Gov. Tony Evers has signed Executive Order #30 creating a pardon process and Pardon Advisory Board. Former Governor Scott Walker had disbanded the Pardon Advisory Board and shut down the pardon process, refusing to issue any pardons in his eight years in office.
“I believe in forgiveness and the power of redemption,” Evers said in a statement. “People who have taken responsibility for their mistakes and who have worked to improve their lives and communities deserve a second chance.”
The Governor’s Pardon Advisory Board will review eligible applications and make recommendations to Evers.
Gov. Evers appointed eight people to the Board, including one member nominated by Attorney General Josh Kaul:
- Jerry Hancock is the Director of the Prison Ministry Project. He previously served as a public defender, deputy district attorney, and an administrator for the Department of Justice’s Division of Law Enforcement Services.
- Nate Holton is the Director of Diversity and Inclusion for the Milwaukee County Transit System. He previously served as the Deputy Chief of Staff in the Milwaukee County Executive’s Office and the Director of the Milwaukee County Justice Council.
- Judge Jeffrey Kremers, Attorney General Josh Kaul’s nominee, served as a Milwaukee County Circuit Court judge for 26 years, serving as chief judge for seven of those years. He retired in 2018.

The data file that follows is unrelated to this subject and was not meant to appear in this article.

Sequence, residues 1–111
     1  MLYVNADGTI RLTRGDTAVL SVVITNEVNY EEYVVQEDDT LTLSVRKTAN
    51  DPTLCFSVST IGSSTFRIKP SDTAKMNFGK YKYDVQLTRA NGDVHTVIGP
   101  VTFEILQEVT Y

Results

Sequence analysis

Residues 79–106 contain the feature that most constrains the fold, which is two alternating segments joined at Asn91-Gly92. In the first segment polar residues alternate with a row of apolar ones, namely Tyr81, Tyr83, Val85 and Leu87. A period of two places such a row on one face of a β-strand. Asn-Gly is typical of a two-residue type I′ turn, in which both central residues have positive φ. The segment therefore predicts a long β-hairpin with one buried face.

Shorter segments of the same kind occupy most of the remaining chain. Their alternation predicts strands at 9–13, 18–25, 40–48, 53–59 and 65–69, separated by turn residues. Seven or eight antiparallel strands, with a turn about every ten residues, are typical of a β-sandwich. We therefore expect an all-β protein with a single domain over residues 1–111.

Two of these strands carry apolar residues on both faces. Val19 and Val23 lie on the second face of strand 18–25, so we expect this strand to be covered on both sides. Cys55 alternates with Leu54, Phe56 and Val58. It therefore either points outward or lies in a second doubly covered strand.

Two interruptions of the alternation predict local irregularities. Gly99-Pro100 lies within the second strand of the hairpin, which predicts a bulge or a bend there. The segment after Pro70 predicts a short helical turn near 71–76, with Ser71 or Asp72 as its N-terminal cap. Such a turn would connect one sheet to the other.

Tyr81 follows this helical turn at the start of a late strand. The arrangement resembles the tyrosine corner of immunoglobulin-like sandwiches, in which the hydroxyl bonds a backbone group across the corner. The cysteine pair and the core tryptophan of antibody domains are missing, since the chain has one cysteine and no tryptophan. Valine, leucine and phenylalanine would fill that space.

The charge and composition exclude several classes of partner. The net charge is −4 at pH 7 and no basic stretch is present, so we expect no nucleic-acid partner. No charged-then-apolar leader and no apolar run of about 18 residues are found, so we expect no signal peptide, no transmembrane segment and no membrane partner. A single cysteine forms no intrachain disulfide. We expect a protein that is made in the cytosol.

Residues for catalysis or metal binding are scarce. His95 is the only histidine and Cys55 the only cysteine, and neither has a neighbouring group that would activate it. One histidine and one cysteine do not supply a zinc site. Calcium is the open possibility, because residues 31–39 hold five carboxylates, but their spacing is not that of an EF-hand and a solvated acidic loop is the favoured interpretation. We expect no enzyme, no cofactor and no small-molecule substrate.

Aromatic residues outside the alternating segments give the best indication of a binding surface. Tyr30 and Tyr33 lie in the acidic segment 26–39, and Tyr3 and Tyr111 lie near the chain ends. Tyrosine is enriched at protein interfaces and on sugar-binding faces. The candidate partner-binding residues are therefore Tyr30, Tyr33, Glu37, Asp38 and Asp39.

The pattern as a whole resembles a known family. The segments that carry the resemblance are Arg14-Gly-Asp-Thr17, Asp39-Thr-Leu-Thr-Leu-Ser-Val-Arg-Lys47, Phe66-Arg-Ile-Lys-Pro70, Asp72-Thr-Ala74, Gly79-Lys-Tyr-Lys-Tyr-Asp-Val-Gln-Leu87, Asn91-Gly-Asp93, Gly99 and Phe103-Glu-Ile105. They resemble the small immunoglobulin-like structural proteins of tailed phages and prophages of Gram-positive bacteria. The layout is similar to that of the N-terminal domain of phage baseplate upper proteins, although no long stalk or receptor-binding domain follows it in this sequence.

- Ryan Nilsestuen is Gov. Evers’ Chief Legal Counsel and will chair the Board. Nilsestuen previously served as an attorney and Chief Legal Counsel for the Department of Public Instruction.
- Cindy O’Donnell served as Deputy Secretary of the Department of Corrections under Govs. Thompson, McCallum, and Doyle. She also served as a Division Administrator under Attorneys General Lautenschlager and Van Hollen.
- Nadya Pérez-Reyes is the Legislative Advisor for the Department of Children and Families. She previously worked as a state public defender and as an attorney for Legal Action of Wisconsin.
- Myrna Warrington is a Director of Vocational Rehabilitation on the Menominee Indian Reservation. Warrington, a U.S. Army veteran, has been a member of the Menominee Tribal Legislature for 11 years.
- Noble Wray served with the Madison Police Department for almost 28 years, including as Chief of Police from 2004 to 2013. Wray led the U.S. Justice Department’s Policing Practices and Accountability Initiative and currently provides racial bias training for law enforcement agencies around the nation and world.
The Wisconsin Constitution grants the governor the power to pardon individuals convicted of a crime. A pardon is an official act of forgiveness that restores some of the rights that are lost when someone is convicted of a felony, including the right to serve on a jury, hold public office, and hold certain professional licenses. A pardon does not result in an expungement.
Under the new pardon process, individuals convicted of a Wisconsin felony may apply for a pardon if they completed their sentence at least five years ago and have not committed any new crimes. Individuals currently required to register on the sex offender registry are ineligible for a pardon.
A copy of the pardon application and instructions for applying are located on the Governor’s website:www.evers.wi.gov/Pages/pardon-